Trading Poverty in Two Different Countries for The Major Leagues
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For the lives of many Americans, poverty is a cycle that is nearly impossible to break. People are born into poverty, and then because of their limited financial resources they resort to illegal activities or are never afforded an opportunity from an outside source to lift themselves from the chains of the poverty cycle. Sports however, present a hope for those certain individuals that possess physical attributes that allow for them to excel possibly the only way for them to achieve the American Dream.
Yonder Alonso, first baseman for the Oakland Athletics, knows all too well about trading poverty for one country for poverty in another with the hope for a better life. When he was just 8 his parents defected from Cuba to come to the United States. The article starts off with him telling how scared he was, crying with his mother, father and sister on the plane to Miami. He was scared because he did not know what was going on and where they were headed.
When they landed, they had very little money, no possessions except for the clothes they were wearing and the stickball bat that Yonder was carrying with him. For the next 10 years his parents would work a combined 7 jobs a week in order to provide enough money to pay rent for the little house they would rent in the Cuban-American neighborhood they lived. Yonder when he was old enough, was brought by his dad to train and workout at the baseball facility he trained children at and began to help his parents clean the warehouses at night in order to make extra money. When he had the opportunity his senior year of high school to go pro and get drafted in the 16th round or go to the University of Miami, his parents told him to go get an education. Even with his full scholarship to attend college and play baseball, his family needed help.
After home games he would train kids at Miami’s facilities in order to make money for his family. Upon arrival at campus after away trips, he would then go to the warehouses to help his father clean and then make it to class in time for his 8:00 AM Monday class. He declared for the draft after his third year, and was picked 7th overall by the Cincinnati Reds. After a couple years in the minors playing all over the country, the 23 year old Yonder Alonso was called up to the pro’s where he would finish out the rest of the season. Yonder wrote about the moment in which he walked up from the dugout and saw his family there, dressed well and looking healthy. He talked about how his family told him “Yonder, you made it!”, when he only thought to himself “no Dad, YOU made it”.
Throughout Yonder’s life, he never got experience what many people in this country consider a regular childhood. He never got to go to the movies with his friends or partake in the coming of age activities that many consider with youth in the United States. From a young age Yonder understood the value of family, and that extenuating circumstances call for sacrifice. To Yonder, he never cared that he missed out on those activities or what many people considered a regular life. He didn’t enjoy poverty and the hard work he his family had to go through in order for him to live the life he currently lives, but what he did learn is the intangible value that all high level athletes are hard-wired with.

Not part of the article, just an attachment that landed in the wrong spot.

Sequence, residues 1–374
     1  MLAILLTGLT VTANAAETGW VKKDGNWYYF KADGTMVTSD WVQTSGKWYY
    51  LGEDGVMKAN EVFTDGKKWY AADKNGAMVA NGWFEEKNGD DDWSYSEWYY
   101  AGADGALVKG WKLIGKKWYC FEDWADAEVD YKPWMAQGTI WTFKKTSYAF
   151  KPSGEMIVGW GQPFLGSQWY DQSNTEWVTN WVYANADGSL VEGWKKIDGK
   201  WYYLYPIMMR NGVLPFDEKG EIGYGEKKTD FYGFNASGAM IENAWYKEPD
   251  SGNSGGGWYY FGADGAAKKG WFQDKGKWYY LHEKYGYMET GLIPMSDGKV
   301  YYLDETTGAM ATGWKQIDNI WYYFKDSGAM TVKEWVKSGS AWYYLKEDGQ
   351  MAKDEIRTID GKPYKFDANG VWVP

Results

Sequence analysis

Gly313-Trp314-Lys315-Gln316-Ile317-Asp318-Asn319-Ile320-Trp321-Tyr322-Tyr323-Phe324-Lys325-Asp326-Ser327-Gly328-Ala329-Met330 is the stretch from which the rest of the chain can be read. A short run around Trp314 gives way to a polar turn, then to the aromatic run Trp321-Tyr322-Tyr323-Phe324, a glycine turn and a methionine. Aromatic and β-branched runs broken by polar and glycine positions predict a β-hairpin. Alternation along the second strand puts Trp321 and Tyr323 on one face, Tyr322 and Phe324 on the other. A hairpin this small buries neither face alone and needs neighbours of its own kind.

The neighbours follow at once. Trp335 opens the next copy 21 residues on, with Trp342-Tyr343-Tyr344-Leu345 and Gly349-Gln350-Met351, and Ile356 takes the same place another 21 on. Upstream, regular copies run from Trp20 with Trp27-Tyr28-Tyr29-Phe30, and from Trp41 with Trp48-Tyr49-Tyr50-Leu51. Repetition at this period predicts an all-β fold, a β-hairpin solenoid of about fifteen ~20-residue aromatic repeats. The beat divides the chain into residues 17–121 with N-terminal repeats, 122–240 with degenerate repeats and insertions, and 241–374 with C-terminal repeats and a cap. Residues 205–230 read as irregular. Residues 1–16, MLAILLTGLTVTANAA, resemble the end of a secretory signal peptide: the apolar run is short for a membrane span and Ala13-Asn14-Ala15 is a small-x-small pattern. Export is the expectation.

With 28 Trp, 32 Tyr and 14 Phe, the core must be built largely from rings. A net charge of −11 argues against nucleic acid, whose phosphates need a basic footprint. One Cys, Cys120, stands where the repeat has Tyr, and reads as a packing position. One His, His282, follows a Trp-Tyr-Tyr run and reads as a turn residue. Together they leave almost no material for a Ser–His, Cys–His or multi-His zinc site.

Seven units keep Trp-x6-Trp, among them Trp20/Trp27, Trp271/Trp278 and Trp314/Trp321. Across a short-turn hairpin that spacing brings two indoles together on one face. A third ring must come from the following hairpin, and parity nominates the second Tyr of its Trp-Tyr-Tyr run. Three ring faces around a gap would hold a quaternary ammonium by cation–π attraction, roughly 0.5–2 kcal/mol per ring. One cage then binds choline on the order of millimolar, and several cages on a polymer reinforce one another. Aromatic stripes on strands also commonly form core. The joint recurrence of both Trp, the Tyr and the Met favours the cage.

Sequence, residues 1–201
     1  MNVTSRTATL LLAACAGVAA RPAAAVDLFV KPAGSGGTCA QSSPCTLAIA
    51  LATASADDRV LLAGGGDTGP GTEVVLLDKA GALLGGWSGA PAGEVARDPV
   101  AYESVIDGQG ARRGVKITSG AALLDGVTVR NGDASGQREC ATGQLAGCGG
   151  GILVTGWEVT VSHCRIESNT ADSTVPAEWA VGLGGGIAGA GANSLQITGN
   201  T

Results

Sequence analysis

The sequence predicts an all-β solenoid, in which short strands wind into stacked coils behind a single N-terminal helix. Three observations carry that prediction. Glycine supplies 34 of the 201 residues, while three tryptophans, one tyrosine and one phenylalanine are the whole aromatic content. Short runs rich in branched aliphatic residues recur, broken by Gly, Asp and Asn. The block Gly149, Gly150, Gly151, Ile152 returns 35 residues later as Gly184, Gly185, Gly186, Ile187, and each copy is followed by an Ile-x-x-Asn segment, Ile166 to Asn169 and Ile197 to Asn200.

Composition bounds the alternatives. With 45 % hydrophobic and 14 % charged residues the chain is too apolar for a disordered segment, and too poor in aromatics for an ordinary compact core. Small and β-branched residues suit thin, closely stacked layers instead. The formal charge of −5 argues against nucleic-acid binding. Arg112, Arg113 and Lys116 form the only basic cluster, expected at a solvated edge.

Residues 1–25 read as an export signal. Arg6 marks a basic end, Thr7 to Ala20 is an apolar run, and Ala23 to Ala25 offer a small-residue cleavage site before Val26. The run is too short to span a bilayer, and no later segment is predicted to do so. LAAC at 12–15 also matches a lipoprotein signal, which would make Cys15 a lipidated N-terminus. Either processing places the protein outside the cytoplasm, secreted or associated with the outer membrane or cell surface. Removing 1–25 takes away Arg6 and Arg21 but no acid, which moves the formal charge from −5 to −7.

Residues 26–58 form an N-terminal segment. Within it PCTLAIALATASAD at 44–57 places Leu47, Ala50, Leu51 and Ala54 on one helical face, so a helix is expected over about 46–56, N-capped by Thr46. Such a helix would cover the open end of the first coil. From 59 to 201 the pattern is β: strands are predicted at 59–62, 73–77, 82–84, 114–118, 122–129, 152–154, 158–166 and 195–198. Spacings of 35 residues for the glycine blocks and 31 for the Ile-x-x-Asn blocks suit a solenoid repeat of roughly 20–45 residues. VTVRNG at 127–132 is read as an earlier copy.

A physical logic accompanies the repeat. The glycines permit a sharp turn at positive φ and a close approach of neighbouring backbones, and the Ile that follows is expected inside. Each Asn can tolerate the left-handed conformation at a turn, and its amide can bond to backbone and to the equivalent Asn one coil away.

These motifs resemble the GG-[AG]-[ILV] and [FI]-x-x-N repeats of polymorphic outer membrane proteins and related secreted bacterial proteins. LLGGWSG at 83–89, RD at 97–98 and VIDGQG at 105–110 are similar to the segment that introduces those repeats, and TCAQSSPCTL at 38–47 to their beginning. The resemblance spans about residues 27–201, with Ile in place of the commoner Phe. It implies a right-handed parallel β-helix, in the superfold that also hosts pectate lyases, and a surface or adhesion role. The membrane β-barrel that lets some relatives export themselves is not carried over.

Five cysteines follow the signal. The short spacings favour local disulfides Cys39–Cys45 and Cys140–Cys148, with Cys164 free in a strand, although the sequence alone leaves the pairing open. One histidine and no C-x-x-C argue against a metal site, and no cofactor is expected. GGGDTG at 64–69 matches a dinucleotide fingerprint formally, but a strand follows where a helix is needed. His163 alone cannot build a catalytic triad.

Sacrifice is necessary in order to achieve a goal. Not just simple sacrifice like cutting calories in order to lose extra pounds, or not going out one night to get in extra reps of your sport. Real sacrifice, like working through the night with your parents in order to help them make enough money to pay the rent for you and your family. Yonder shows that in order to achieve a goal, a lifetime of constant dedication, discipline and sacrifice must be done in order to even have the opportunity to achieve success.
Success isn’t a right. Just because Yonder worked hard and his parents sacrificed everything, he wasn’t guaranteed the right to play in the Major Leagues. Yonder looked at his parents dedication and his dad’s early retirement in Cuban baseball as the motivation he needed to find enough motivation to wake up every day and do the best in whatever he was doing. Athletes are hard-wired with this intangibility for sacrifice. They understand that a championship or elite level competition does not come over night. Years and years or daily sacrifice are the blueprints for what success looks like in any aspect of life, whether it be on the baseball diamond, the football field or in the meeting room of a Fortune 500 company. Daily sacrifice and continued work are the blueprints for success that are naturally hard-wired in athlete’s brains.
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